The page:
The History Of Sex Doll

A sex doll is a kind of anthropomorphic sex toy that is shaped and sized like a sexual partner. It is also referred to as a joy toy, love doll, fuck doll, or blowup doll. A complete body or merely the head, pelvis, or other bodily part (mouth, penis, vagina, anus, or breasts) meant for sexual stimulation might make up a sex doll. Sex dolls are manufactured to feel lifelike by using materials such as rubber, silicone, or thermoplastic elastomer (TPE). These materials are selected to improve the user experience overall because of their realistic texture and longevity. The components may be movable and replaceable, and they occasionally vibrate. Sex robots are anthropomorphic devices made to be able to participate in sexual activities; they are typically distinguished from sex dolls, which come in a variety of shapes.

Sex dolls first appear as consumer goods, sold in France beginning in the 1850s through rubber goods magazines as “rubber women” (femmes en caoutchouc).[1]: 115–116  These early sex dolls emerged from European and American industry during the 1800s Brazilian rubber boom, alongside the invention of vulcanized rubber.[1]: 117–118  The first documented appearance of these rubber sex dolls is in an article from French newspaper Le Figaro reporting from an exhibition of American rubber products at the 1855 world’s fair.[1]: 132–133  These goods were heavily criminalized, along with other sex toys produced in France at the time, and thus were produced and sold in small quantities at high cost.[1]: 124–126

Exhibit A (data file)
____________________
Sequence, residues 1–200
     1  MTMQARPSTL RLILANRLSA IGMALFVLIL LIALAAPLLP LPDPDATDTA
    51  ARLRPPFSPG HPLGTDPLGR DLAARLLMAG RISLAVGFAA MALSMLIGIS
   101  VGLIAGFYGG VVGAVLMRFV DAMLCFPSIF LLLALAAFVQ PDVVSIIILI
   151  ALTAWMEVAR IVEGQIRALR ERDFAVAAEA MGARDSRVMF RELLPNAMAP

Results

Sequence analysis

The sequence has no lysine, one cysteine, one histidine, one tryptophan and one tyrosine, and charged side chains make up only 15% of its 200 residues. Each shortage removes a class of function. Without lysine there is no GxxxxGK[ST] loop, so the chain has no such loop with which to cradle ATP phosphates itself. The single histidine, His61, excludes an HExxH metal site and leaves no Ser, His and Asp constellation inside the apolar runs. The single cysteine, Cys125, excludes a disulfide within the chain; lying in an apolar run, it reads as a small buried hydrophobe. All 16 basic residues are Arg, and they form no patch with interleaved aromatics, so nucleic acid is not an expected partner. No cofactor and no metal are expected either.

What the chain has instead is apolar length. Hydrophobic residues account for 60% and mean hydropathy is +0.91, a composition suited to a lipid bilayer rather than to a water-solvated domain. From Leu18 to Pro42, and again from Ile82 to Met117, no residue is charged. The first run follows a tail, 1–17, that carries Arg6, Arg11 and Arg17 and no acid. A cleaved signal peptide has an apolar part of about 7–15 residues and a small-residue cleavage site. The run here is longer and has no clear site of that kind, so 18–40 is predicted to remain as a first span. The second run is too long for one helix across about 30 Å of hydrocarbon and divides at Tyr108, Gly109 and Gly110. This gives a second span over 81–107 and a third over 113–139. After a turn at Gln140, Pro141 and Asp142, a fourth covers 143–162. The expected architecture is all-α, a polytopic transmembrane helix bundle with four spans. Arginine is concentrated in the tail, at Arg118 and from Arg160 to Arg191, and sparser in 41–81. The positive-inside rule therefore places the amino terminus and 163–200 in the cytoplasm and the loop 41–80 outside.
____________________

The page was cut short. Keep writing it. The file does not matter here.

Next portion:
Most longstanding myths of sex dolls’ origin largely stem from one of the earliest recorded appearances of manufactured sex dolls in academic literature, which dates to 1908, in Iwan Bloch’s The Sexual Life of Our Time.[1]: 67–70  Bloch wrote:

In this connection, we may refer to fornicatory acts affected with artificial imitations of the human body, or of individual parts of that body. There exist true Vaucansons in this province of pornographic technology, clever mechanics who, from rubber and other plastic materials, prepare entire male or female bodies, which, as hommes or dames de voyage, subserve fornicatory purposes. More especially are the genital organs represented in a manner true to nature. Even the secretion of Bartholin’s glands is imitated, by means of a “pneumatic tube” filled with oil. Similarly, by means of fluid and suitable apparatus, the ejaculation of the semen is imitated. Such artificial human beings are actually offered for sale in the catalog of certain manufacturers of “Parisian rubber articles.”